I’m not simply lamenting a lack of understanding of the rules, here; quite frankly, that’s on me to begin with. I could have looked them up at any point, but declined to do so specifically because, you know, I think this is funnier. But you would think that the game would at least offer some sort of basic tutorial in-game rather than forcing a look at the manual. A glance at the manual revealed a control scheme that still made roughly as much sense to me as if it were written in Latin and coated in obscure diagrams.
There’s a reason that games have more or less abandoned manuals in favor of in-game tutorials, and that’s because pages of “press X to jump in this context” teaches you far less than something in the game showing you what you’re doing and how it impacts the game world. It’s especially important in a demo, which is, again, meant as a demonstration of what is possible. It’s even more important when the correlation between the controls and what you expect the controls to do is far less obvious than it would seem at a glance. Would you expect the right analog stick to control your batting?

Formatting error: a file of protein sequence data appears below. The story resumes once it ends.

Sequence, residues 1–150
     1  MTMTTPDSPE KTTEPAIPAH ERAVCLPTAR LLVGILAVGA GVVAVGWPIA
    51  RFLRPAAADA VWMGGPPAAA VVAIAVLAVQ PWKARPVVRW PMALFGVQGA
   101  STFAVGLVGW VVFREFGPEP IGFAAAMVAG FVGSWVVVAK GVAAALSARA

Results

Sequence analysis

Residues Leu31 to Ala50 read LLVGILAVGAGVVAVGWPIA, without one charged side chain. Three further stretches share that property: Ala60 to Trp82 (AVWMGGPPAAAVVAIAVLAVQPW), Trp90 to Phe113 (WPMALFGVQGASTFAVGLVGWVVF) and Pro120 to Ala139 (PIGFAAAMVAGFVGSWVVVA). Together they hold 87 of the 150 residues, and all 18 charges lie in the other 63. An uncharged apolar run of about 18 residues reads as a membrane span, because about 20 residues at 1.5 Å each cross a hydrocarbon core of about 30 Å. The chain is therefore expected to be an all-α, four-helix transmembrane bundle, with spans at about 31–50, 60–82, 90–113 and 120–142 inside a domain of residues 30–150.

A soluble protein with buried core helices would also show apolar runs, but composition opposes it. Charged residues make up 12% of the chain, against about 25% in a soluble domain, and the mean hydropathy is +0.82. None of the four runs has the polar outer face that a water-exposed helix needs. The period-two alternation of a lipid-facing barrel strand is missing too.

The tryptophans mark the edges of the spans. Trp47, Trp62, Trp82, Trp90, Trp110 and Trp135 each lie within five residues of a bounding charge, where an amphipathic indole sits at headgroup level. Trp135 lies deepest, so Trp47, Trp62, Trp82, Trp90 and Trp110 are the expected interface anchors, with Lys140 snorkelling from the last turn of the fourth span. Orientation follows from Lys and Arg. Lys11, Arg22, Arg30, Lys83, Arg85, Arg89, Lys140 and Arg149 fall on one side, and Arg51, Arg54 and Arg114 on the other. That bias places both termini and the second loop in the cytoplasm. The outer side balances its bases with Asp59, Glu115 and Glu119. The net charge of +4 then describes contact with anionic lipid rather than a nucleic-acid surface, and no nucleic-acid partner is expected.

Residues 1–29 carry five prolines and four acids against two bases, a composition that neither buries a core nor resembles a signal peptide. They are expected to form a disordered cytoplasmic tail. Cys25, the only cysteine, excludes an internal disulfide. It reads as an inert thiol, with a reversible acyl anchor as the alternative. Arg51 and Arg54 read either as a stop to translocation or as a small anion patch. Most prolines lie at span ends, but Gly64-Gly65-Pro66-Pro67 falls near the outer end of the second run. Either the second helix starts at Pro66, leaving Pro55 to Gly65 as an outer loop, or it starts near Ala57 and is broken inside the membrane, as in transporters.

Needless to say, batting practice was a miserable failure, and thus ended my foray into Don Bradman Cricket 14, which has given me no more insight into the cricketer’s world than I had before. Is it a good game or not? I haven’t the vaguest idea, nor am I particularly inclined to find out more; the demo sort of fails at the “demonstration” part of its description, and it certainly fails at offering any explanations for what you as a player are trying to accomplish.
Really a nice character creator, though. Farewell, Young Gassy.